federal judge ordered a default judgment against Mike Ross and
other defendants, in connection with a lawsuit that accused the
Maryville developer of racketeering activity.
The order was handed down on Monday, and
focused less on the merits of the case than on a failure by
Ross' embattled legal team to hand over documents requested by
the plaintiff, Robert Stooksbury.
the order, U.S. District Judge Thomas Varlan said
among other things that despite two orders of the court, Ross
and other defendants failed to produce unobjectionable final and
complete responses to discovery requests.
"In sum, although default judgment is an
extreme sanction, all considerations indicate that default
judgment should be entered ... for failing to comply with the
discovery orders of the Court," the ruling said.
The order said the suit will proceed to a jury
trial on February 21 for the purpose of determining damages.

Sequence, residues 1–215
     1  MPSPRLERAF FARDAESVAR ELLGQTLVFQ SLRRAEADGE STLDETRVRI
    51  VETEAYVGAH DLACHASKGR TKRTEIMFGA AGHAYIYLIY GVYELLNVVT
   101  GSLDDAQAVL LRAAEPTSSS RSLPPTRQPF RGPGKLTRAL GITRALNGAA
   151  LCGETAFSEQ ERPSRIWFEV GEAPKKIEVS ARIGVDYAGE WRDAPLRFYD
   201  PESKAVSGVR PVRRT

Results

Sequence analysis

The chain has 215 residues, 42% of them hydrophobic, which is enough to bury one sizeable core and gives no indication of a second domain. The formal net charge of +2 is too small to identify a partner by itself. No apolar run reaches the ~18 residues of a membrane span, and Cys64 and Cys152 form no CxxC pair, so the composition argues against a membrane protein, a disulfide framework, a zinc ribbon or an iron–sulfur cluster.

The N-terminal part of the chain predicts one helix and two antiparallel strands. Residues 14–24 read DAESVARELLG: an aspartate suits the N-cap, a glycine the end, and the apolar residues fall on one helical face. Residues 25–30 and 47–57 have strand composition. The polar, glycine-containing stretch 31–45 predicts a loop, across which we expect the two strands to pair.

Stooksbury had partnered with Ross on the
Rarity Pointe project in Lenoir City, but in 2009 filed a
scathing lawsuit that accused Ross and others of engaging in
racketeering activity, charges that Ross denied.
Stooksbury has filed multiple lawsuits against
Ross, and since the federal suit was filed in 2009, Rarity
Pointe has been caught up in bankruptcy court.
The ownership entity behind the Rarity project
filed for bankruptcy protection last year, just before a
scheduled foreclosure auction of 184 residential lots, vacant
tracts, a golf course and other property at the site. A
reorganization plan filed in the case projected that over the
next four to five years more than $22 million in lots and tracts
could be sold at Rarity Pointe, using new pricing and a new
In the bankruptcy case, the entity that holds
the debt on Rarity Pointe had sought to lift an automatic stay,
a move that would have allowed it to foreclose on the property.
Earlier this month, though, a bankruptcy judge rejected that